The Office of the State Superintendent of Education, or OSSE, serves as the state education agency for the District of Columbia. In the District, we have 240 school buildings. District of Columbia Public Schools (DCPS), is the traditional local education agency (LEA) which operates over 125 school buildings. We also have 66 charter LEAs which operate the remainder. DC is very similar to a local control state – each LEA is autonomous.
As you may know ESSER funds largely go to the LEAs. OSSE will administer that funding on behalf of the federal government, and we publish guidance on how LEAs can allocate the money.
In keeping with guidance or safe schools from the American Academy of Pediatrics and the Centers for Disease Control and Prevention, one of the early reopening strategies for students in all age groups included utilizing outdoor spaces whenever possible. With increased air circulation outside, outdoor learning spaces had the potential to support concerns addressing space limitations due to physical distancing, as well as mitigating the spread of the virus by decreasing the likelihood that respiratory droplets would spread between individuals.
When OSSE released a funding strategy guide for ESSER III-ARP, outdoor learning equipment, supplies, and landscaping were potentially eligible under the category of Facility and Outdoor Space Upgrades and Modifications.
It is important to note that LEAs are the decision-makers on how to spend these ESSER funds. One LEA in DC gave each school in its district a set amount of funding for outdoor learning supplies and equipment, and each school completed a procurement order form to procure those items. Items included white boards, picnic benches, lap desks, and canopies. OSSE administered a facilities reopening grant for charter LEAs, and some schools used those funds to purchase similar items. Each LEA decided how to spend their funds.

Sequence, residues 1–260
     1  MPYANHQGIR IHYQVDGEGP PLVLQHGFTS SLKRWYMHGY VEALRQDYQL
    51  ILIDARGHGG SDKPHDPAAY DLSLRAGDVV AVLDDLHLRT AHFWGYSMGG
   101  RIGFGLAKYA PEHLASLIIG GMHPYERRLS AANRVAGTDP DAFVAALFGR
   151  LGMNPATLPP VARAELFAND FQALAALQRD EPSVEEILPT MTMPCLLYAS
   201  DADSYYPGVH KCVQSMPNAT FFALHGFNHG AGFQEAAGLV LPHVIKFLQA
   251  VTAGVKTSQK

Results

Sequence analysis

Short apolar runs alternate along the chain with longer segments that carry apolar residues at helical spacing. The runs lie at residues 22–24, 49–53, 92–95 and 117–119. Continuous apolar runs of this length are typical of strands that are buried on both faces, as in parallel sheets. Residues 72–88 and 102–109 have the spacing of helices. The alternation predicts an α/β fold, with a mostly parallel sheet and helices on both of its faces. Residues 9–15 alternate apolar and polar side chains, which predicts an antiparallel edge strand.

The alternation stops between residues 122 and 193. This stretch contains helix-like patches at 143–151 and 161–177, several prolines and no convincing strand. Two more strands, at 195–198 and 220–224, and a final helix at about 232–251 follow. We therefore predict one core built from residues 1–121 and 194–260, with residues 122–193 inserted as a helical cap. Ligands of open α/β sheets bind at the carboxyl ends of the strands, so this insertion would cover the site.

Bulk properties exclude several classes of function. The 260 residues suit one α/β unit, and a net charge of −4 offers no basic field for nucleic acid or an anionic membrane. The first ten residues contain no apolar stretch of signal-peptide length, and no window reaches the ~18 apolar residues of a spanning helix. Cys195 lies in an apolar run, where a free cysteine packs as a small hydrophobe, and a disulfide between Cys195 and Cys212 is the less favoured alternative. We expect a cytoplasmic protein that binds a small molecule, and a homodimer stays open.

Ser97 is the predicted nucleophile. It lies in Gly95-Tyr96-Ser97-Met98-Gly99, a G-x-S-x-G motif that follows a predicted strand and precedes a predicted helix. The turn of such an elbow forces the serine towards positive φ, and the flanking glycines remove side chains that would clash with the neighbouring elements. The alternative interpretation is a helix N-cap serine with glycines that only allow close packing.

DC is an urban area, and it can be challenging to find natural areas near school campuses. But this project has helped schools view their school grounds with new eyes, looking for opportunities to have students learning outdoors.
You may also be aware that state education agencies like OSSE have a state reserve of ESSER funds, which are also used to support recovery. With ESSER II funding, OSSE was able to contract with a vendor to provide outdoor learning technical assistance. The project includes site-based assessments and guidance for up to 80 schools, and a professional development series. The vendor has been able to provide consultation and design support to provide outdoor space ideas tailored to the specific needs of the school.
Moving from recovery to restoration, OSSE intends to use some of its state reserve to support schools with effectively using existing and newly established outdoor learning spaces for instruction and social development beyond COVID restrictions. Research has shown that spending time outdoors provides numerous benefits to students, such as increased social and emotional health, increased academic achievement, and improved physical and mental health.
We are looking to provide opportunities for schools and teachers to learn how to make outdoor learning accessible to all and available to teachers in any subject area.
Our hope is that as more schools get interested in outdoor learning and having education outside, we can move past using these outdoor learning spaces as a recovery strategy and begin to use them for regular and ongoing use for learning and social engagement. Outdoor learning can serve as a launch point to delve into environmental literacy and green schools initiatives.